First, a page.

A tick-covered carpet python was almost unrecognizable last week after a snake catcher rescued it from a pool in Coolangatta, Australia. Tiny blobs, which almost looked like small pebbles upon first sight, covered the reptile's entire body — even its face.
In total, officials pulled 511 ticks off the creature's weak body. It took hours for veterinarians at Currumbin Wildlife Hospital to carefully extract the pests.
"There are still tiny young ones under the scales that will be treated with drugs to kill them," Tony and Brooke Harrison from Gold Coast and Brisbane Snake Catcher, which responded to the scene, explained in a Facebook post.
The animal control service shared several shocking photos of the serpent, including a "gross" picture of a bucket filled with the ticks that were once attached to the snake.
In a weekend update, the Currumbin Wildlife Hospital in Queensland revealed the snake, which has since been named Nike, was suffering from a "nasty" infection that may have contributed to its immobility thus allowing ticks to "take advantage of him." Nike now has anemia — a lack of healthy red blood cells.
“He is very anemic and that’s because ticks have sucked all the blood out of him,” Michael Pyne, a senior veterinarian at the Currumbin Wildlife Hospital, told Yahoo News on Monday.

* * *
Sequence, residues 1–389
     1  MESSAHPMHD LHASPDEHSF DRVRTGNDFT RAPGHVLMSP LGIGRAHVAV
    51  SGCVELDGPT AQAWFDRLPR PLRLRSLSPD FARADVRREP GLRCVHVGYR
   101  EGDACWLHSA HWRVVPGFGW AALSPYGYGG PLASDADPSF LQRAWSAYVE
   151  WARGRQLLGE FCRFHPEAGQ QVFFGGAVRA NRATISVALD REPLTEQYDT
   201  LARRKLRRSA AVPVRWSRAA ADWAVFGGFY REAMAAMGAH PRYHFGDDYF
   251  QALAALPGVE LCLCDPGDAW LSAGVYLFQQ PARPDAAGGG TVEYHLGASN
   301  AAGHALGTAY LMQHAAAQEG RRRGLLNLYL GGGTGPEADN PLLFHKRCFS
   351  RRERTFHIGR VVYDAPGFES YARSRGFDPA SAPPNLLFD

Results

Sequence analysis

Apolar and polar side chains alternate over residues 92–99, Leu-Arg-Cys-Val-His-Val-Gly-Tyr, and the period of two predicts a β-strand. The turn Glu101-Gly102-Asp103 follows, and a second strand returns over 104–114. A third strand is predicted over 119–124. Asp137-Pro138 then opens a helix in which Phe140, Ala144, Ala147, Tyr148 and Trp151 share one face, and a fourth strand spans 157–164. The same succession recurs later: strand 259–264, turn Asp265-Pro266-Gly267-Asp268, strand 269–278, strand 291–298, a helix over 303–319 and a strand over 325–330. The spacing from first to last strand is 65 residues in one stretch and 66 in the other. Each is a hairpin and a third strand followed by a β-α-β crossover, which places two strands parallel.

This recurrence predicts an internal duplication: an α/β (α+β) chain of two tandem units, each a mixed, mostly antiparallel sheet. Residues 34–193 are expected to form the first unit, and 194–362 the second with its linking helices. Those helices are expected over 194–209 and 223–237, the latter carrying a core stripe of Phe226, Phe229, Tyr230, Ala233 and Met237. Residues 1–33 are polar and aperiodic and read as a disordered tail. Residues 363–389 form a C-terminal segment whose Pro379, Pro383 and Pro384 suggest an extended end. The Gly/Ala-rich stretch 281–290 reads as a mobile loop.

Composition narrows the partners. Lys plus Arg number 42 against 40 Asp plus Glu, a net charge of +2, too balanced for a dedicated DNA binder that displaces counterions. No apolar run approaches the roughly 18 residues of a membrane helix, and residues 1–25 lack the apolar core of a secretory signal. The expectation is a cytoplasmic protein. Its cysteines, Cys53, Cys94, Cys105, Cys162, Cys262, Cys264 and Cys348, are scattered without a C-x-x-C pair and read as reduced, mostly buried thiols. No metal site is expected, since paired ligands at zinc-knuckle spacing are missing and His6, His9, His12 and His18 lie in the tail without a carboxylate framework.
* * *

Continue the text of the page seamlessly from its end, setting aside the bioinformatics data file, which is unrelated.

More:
Typically, when a snake notices a tick or other pest on its skin, it attempts to remove it.
“Snakes are meant to rub them off but for whatever reason with Nike that didn’t happen,” Pyne told the news site. “Once they get weak they don’t have the strength to rub them off.”
“He is very anemic and that’s because ticks have sucked all the blood out of him."— Michael Pyne
Wildlife officials are hoping for a full and speedy recovery but caution Nike "isn't out of the woods yet."
"He is now in the hands of an experienced carer from Tweed Valley Wildlife Carers," the hospital noted in a Facebook post on Saturday.
Nike's fans are happy to hear his health is taking a turn for the better.
"I do not do snakes at all! But the poor thing, no animal deserves that. Speedy recovery buddy," one Facebook user wrote.
"Thanks for the update. I'm sure there were lots of people wondering how he was as well as the koala. Great job done by all," another added.
"Wow he looks soo much better with all the ticks off him, a woman commented. "Well done everyone what a great job you do."
Surprisingly, Nike isn't the only creature that has suffered from tick bites in recent days.
The Australian wildlife hospital said a koala was also found with 100 ticks covering its body and had to undergo a blood transfusion last week.
"He was on the hospital's operation table for over two hours having the ticks removed and having the transfusion," the Currumbin Wildlife Hospital said on Saturday. "The good news is he is now with Friends of the Koala and they have reported him to be doing really well!"